When people logged into Facebook yesterday, they were treated to another interface makeover. We’ve seen various changes over the past while as Facebook tries to be more like Google Plus in the security department. The concept of lists has been a new one for folks. I think that moving to lists has been easier on the people who are accustomed to using Google circles. Facebook even made it easier by making some assumptions and started seeding the lists for you.
Working with an interface is a great deal like a good pair of jeans. It just fits nicely and becomes a comfortable way of doing things. When changes come along, it’s like buying a new pair. I looked for a video from one of my favourite shows “Are You Being Served” to insert here but couldn’t find the clip that I wanted. In the series, they would “knee” clothing so that it fits – I wish I could have found it. So, back to the new jeans. You complain about them until they’ve gone through the wash a few times and eventually you become used to it.
I suspect that the same thing will happen with Facebook. There’s a great deal of complaining right now and you can read many people threatening to pack up and move but you know that they won’t. They’ll work with the interface until it becomes familiar.
I do have some concerns though about what’s happening though. The screen display which used to be clean, crisp, and functional is now overly full of information. Normally, information is a good thing but I think that it’s become more of a distraction than providing value to the user. I am also a bit concerned on a couple of other fronts.
Roll back the clock and you may have been a member of a BBS (Bulletin Board System). Crucial to managing your BBS was the activity log. This showed every login, message, file transfer, etc. for every user. It allowed the system operator to monitor how things were running, in real-time. This new scrolling Facebook window showing your friends activity as it happens is a modern take on this. It’s not that this is new information; it always was available if you poked around but it’s now in your face, distracting the main reason you logged in in the first place. Like the chat availability window, you can momentarily turn the interface off – just click your name in the top right of the screen – but the new interface returns as you start to do things. So, it seems to be here to stay.
The other feature that’s in your face pops up should you choose to play a game through the system. I can now see all of my friends’ attempts at wasting away their time. As I type this, Jeopardy and Scrabble seem to be the distractions of choice. Now, it’s not that I have a problem with people doing that – I’m a sucker for a game of Family Feud or Wheel of Fortune myself – but should I need to know who is playing a game or, more importantly, should anyone else know what I’m doing?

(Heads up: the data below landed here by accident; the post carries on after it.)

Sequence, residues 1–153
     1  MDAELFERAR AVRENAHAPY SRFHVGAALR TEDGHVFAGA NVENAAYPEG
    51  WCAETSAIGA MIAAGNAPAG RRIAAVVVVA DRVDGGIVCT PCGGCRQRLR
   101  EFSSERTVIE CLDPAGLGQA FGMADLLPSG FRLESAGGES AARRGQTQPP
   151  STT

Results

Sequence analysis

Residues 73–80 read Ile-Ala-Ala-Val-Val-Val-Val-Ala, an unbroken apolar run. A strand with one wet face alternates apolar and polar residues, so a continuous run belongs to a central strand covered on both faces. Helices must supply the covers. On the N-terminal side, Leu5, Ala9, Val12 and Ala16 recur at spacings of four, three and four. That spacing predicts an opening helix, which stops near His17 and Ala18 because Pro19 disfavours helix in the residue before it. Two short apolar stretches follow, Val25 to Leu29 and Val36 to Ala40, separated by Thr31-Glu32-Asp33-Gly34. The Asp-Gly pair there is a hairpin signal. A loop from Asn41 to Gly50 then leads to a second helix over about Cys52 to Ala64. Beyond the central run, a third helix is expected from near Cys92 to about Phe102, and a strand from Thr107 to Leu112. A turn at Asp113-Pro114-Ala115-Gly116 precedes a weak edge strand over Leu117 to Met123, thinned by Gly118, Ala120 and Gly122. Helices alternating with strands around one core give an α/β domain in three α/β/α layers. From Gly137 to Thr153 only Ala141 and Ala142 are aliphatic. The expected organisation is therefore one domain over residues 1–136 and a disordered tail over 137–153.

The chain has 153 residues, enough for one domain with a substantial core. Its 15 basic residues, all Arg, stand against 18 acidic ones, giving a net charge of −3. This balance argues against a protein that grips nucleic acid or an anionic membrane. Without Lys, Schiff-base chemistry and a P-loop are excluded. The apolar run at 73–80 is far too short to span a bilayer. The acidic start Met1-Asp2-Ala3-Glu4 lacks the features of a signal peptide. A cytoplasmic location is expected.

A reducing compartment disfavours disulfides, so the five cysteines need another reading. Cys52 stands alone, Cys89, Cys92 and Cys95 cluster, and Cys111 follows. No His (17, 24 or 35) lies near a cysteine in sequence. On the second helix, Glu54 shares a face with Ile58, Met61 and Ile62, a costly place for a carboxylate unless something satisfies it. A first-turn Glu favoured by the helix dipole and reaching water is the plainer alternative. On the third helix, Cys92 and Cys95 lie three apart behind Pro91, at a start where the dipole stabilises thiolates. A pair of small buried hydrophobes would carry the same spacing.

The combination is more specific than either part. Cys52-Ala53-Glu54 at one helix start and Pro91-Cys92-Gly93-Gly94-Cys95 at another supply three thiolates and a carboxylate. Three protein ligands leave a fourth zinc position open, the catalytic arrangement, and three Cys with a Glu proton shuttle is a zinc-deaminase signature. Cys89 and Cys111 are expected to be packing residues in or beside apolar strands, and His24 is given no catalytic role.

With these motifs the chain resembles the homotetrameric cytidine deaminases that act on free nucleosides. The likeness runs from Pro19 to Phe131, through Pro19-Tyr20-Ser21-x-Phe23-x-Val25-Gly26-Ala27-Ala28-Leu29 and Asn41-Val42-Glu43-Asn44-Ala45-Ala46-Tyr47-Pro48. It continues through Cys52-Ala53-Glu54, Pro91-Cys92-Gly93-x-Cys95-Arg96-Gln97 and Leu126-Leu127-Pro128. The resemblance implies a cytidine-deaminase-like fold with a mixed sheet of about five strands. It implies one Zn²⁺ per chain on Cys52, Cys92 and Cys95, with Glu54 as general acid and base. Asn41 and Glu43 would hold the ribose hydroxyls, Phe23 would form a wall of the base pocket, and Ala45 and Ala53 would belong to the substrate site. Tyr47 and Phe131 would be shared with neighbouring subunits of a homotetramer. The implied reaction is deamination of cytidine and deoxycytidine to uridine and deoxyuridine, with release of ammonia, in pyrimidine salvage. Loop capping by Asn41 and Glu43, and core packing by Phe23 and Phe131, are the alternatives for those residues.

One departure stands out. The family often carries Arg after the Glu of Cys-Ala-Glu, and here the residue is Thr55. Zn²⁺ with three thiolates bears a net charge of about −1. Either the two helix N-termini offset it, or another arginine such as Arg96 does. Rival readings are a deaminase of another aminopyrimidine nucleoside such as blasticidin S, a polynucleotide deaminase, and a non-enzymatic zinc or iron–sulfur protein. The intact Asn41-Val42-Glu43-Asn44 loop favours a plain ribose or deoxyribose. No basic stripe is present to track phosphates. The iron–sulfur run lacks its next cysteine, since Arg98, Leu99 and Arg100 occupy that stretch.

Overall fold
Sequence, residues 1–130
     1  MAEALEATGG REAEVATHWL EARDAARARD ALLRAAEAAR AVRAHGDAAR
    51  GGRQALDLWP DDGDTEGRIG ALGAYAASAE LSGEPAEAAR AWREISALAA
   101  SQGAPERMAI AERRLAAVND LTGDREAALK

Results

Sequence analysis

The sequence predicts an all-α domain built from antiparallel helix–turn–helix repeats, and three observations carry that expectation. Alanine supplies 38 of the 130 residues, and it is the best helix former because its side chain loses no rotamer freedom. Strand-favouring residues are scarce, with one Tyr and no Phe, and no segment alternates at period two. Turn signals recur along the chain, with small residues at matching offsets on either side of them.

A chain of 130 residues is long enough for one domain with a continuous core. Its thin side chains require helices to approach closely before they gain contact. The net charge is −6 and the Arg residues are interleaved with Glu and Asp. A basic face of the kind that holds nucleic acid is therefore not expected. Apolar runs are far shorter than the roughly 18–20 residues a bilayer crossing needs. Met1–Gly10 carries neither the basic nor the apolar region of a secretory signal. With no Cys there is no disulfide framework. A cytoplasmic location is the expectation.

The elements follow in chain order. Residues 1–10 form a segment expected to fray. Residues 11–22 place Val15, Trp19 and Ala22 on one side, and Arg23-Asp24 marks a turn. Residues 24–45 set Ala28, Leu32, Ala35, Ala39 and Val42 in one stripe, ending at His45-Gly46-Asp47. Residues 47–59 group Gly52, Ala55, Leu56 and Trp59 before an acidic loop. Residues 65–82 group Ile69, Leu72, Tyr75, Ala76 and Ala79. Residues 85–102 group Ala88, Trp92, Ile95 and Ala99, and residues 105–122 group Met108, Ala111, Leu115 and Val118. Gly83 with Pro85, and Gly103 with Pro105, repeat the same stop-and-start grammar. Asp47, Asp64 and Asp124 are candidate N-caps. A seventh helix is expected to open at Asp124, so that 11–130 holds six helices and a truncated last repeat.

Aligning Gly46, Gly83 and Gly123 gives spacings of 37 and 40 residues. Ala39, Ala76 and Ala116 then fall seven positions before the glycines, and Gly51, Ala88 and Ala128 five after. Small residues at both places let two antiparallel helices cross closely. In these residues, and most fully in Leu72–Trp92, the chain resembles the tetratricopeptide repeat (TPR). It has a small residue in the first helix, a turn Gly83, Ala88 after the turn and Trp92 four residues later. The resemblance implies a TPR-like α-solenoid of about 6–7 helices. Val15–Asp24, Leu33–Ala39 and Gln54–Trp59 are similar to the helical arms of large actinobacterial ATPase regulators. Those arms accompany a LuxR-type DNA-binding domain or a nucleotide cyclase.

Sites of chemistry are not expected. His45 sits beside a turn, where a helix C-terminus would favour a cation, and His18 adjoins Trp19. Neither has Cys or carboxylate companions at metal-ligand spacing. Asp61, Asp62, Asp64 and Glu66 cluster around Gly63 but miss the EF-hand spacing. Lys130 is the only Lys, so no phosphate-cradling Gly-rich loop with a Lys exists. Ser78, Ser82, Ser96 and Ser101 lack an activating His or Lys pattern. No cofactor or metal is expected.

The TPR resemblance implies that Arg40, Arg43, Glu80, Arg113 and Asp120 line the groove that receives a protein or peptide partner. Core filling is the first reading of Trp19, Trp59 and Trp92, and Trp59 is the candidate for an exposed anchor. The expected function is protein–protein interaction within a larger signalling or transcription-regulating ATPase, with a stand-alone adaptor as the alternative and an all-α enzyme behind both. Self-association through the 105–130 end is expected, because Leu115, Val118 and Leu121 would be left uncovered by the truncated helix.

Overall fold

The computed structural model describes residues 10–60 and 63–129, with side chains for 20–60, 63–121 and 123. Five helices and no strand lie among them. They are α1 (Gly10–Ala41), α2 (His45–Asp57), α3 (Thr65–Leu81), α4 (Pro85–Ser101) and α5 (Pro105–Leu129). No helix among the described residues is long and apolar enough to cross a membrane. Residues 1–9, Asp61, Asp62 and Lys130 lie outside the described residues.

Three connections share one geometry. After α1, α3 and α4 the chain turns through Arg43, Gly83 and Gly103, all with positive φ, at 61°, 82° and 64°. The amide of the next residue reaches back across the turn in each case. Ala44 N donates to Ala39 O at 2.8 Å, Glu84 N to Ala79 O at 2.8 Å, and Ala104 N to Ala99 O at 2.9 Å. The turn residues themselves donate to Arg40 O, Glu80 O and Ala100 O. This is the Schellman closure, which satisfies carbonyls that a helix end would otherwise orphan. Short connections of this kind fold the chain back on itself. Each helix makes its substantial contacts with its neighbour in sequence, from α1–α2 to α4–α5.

It’s not like complaining is about to change anything. Developers may listen to feedback but changes are made for whatever reason on their end. It’s not like we’ve paid for access to the service financially – instead we pay with exposure to advertising and a certain amount of donation of our privacy. I just spent some time watching the information scroll by and, perhaps I’m paying too much attention, by I just saw a friend of mine who posted her cell phone number. By digging deeper, it’s also possible to see who is friends with whom based upon their interactions with others. It’s a little disconcerting.
I’ve already spent some time going through my lists of friends and am getting serious about who is in what list. While I thought that I had pretty good security in place, that was in the old paradigm. With the new one, I’m not so sure. If nothing else, this will make me think more about what’s in place. As I was poking around, it seemed to me that it might even be easier to de-friend everyone and start again! Not like that’s going to happen, but it just seemed that way. I think it’s easier with Google Plus because I’m starting a network there…at Facebook, I’m modifying things based upon changes on their end.
But, that’s just me.
As I’m doing this, I realize that it’s not a quick job. But, I also worry about our students. How are they learning how to handle the new interface and the new security if they’re not being taught? And even if they manage to do something about it this time around, what happens when the next changes are made? Are we all ready to look at it now? Are we all ready for the next changes?
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